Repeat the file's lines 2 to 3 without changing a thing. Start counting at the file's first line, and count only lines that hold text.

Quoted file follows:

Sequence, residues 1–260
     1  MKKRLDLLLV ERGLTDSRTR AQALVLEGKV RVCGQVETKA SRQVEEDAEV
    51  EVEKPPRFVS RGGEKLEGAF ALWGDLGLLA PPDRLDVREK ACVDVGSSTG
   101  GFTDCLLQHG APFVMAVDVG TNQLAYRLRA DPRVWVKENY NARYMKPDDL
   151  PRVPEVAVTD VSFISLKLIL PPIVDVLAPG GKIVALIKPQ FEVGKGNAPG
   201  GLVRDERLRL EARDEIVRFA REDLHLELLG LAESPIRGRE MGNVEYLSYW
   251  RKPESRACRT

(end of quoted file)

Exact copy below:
     1  MKKRLDLLLV ERGLTDSRTR AQALVLEGKV RVCGQVETKA SRQVEEDAEV
    51  EVEKPPRFVS RGGEKLEGAF ALWGDLGLLA PPDRLDVREK ACVDVGSSTG